The drumbeats are quickening ahead of the Cheltenham Festival and at this stage there really is no substitute for going racing. Some might have ducked Newbury’s Betfair Hurdle meeting on Saturday because of the bitter wind, which made a hot-water bottle the most prized object on the winner’s rostrum, and because the other two key races on the card were reduced to three and four runners. More fool them. Both produced intriguing contests and vital clues for the Festival.
An earnest statistician once asked a northern trainer what the crucial signs were that told her when one of her horses was ready to win a race. She replied, ‘Just one. A grin on my husband’s face after he comes in from the gallops.’ You had only to take one look at Nicky Henderson’s wide-eyed smile, half relief at surviving the conditions, half sheer joy at the quality of what we had just seen, to know that Altior in the Racing Post Arkle Chase is his banker for this year’s Festival.
We all know how much Nicky adores the iconic Sprinter Sacre, who looked glorious despite the snow as he pranced around the parade ring before racing. Their trainer resists invitations to compare the two but he does acknowledge that Altior ‘is on the same pathway’ and head lad Corky Browne, never one to get carried away after his 75 years of experience, is happy to have them mentioned in the same sentence. Says Nicky: ‘It’s impossible to think you could put one away and pull another rabbit out of the hat because the world does not work that way but we’ve always thought that Altior was very good.’ He had been disappointed when Altior, winner of last year’s Supreme Novices’ Hurdle at the Festival, had been beaten in a bumper by the talented Barters Hill, and significantly he added that although he has in Buveur d’Air and Brain Power two of the most fancied horses in this year’s Champion Hurdle (a prize he has five times taken back to Seven Barrows), ‘If Altior had stayed hurdling he’d be favourite.’
Altior powered away relentlessly from Fox Norton, one of our Twelve to Follow, who was clearly attempting the impossible in trying to give the winner five pounds, putting in some spectacular leaps despite the conditions, and it was good to see that his regular rider, Nico de Boinville, was back in the plate after his broken arm. Altior had won twice in the hands of Noel Fehily during Nico’s absence and there is always a fear at the back of an injured jockey’s mind when others have scored on his mount. Fortunately, loyalty goes both ways at Seven Barrows.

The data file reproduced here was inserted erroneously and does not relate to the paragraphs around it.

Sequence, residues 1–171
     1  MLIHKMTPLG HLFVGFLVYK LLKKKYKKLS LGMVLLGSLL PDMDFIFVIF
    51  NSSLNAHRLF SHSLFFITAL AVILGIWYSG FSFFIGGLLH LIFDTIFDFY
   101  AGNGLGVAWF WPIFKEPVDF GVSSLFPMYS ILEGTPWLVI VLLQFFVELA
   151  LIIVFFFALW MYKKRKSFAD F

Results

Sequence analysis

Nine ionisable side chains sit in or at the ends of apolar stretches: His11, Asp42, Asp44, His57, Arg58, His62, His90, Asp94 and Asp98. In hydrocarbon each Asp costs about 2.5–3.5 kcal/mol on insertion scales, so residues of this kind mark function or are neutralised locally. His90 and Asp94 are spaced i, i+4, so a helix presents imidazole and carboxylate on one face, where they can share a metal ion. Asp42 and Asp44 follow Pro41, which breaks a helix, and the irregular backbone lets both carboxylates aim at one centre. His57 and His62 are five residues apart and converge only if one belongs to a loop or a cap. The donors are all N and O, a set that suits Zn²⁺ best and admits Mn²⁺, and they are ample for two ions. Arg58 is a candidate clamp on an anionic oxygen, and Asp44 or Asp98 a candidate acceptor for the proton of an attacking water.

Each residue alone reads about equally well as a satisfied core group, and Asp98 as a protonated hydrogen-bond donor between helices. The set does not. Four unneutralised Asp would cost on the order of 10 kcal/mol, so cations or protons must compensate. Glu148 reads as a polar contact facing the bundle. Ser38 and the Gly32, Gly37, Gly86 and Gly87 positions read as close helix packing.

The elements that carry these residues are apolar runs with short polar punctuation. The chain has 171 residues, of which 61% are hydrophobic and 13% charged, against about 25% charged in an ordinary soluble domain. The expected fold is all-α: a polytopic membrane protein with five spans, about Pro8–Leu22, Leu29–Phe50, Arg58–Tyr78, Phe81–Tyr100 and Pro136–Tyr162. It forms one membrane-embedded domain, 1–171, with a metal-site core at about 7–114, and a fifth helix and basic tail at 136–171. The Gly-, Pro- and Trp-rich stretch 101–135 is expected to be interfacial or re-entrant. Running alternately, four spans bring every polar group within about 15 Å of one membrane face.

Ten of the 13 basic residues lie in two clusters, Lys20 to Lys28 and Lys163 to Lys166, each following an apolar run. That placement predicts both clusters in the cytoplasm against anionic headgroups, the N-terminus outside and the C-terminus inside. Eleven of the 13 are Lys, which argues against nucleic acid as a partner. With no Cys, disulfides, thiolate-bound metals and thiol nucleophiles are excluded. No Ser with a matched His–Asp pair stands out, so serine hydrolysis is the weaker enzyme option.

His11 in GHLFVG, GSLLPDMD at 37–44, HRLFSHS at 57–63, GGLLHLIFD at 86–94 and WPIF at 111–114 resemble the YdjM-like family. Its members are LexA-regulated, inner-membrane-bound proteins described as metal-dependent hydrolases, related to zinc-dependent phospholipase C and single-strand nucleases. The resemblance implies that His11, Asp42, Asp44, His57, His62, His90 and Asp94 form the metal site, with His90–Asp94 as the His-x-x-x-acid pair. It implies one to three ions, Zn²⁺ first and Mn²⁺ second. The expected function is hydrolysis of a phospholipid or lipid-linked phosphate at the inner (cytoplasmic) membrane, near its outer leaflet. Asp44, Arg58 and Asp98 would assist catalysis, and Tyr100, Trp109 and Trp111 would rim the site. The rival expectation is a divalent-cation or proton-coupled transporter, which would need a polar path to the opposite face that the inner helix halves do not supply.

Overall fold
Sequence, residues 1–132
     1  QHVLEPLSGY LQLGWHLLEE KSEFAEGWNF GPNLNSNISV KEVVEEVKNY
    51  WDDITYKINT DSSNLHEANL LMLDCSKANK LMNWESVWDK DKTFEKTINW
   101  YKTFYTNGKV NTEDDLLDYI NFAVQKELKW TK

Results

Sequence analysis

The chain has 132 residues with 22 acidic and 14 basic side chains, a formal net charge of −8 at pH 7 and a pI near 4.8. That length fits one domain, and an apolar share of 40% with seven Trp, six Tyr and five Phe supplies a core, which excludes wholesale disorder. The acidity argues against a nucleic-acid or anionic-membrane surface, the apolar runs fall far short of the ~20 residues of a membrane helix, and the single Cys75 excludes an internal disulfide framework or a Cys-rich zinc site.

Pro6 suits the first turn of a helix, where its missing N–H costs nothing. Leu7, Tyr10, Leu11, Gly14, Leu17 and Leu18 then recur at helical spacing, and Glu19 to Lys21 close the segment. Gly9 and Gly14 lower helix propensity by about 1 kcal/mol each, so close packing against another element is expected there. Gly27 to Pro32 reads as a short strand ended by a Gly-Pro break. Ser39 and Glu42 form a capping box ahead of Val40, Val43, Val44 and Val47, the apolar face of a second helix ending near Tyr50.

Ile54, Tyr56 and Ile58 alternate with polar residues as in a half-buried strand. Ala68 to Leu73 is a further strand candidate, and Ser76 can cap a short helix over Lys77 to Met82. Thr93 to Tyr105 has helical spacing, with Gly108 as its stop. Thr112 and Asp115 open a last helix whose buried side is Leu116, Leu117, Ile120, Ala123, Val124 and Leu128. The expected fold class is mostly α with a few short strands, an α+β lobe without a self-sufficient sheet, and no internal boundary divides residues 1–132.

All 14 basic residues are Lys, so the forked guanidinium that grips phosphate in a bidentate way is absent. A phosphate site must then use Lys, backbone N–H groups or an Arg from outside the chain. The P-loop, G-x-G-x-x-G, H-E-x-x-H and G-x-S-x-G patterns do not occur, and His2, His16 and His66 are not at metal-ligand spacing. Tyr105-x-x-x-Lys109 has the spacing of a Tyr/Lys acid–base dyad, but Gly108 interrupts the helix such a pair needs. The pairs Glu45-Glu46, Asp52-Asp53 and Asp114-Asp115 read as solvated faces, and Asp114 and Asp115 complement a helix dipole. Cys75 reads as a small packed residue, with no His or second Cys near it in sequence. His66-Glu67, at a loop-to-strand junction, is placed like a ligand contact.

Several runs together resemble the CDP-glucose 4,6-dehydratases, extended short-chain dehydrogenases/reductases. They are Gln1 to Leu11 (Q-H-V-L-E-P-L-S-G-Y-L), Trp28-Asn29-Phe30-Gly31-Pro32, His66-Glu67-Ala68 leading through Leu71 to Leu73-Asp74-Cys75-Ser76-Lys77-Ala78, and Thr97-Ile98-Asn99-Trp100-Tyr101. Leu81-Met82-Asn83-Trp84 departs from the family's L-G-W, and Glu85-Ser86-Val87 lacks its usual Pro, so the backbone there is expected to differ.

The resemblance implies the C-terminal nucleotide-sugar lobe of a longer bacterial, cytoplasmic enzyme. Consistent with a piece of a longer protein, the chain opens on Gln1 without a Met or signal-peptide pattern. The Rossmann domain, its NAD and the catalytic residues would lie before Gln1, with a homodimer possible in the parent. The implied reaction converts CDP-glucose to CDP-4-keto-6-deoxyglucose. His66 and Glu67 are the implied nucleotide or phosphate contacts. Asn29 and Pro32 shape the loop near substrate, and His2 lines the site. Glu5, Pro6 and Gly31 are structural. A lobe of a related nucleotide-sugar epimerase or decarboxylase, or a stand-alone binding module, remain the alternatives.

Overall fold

The Betfair Denman Chase also proved to be genuinely informative despite cutting up to just three runners and that race, too, provided an example of the jumping community’s quality of character. Champion Jockey Richard Johnson is teased by his peers for his reluctance to spend money and does not often pass up the chance of getting his hands on more of the folding stuff. But having been declared to ride Native River for Colin Tizzard, Johnson found himself wobbly with the flu. He could have taken a risk. Instead he approached the trainer and said that he was not in a condition to do the horse justice. Dickie Johnson not only passed the horse to Aidan Coleman to ride but also suggested new tactics which helped to ensure success and strengthen the trainer’s hand for the Gold Cup.
We all knew from his victories in the Hennessy Gold Cup and the Welsh Grand National that Native River possesses stamina in abundance. His trainer ran him in the four-miler at the last Cheltenham Festival and in his two big victories he galloped his opponents relentlessly into the ground, went on from four or five fences out and held on to win. At Newbury, advised by Johnson to give Native River more company, Coleman waited until two out before turning up the gas and accelerating clear of the persistent Le Mercurey, revealing a new weapon in his gun room. Native River showed he was the whole deal and his delighted trainer noted, ‘He isn’t just an out-and-out stayer, he has pace as well. We don’t have to go on five out — he has every gear.’ With Cue Card and Thistlecrack in his yard as well, Colin Tizzard has a brilliant hand for the Gold Cup but he is now more than ever reluctant to put them in a pecking order.
Ballyandy confirmed the good form of Nigel Twiston-Davies’s horses by winning the Betfair Hurdle in a duel with Movewiththetimes, but there was another victory to note with the Festival in mind. High Bridge ran well in bumpers when John Ferguson was enjoying himself training jumpers. Passed on to Ben Pauling in the Bloomfields colours, with son Alex Ferguson riding, he won his third novice hurdle, giving weight all round. You could get 20–1 for his Cheltenham prospects afterwards and to my mind he is true value each way.
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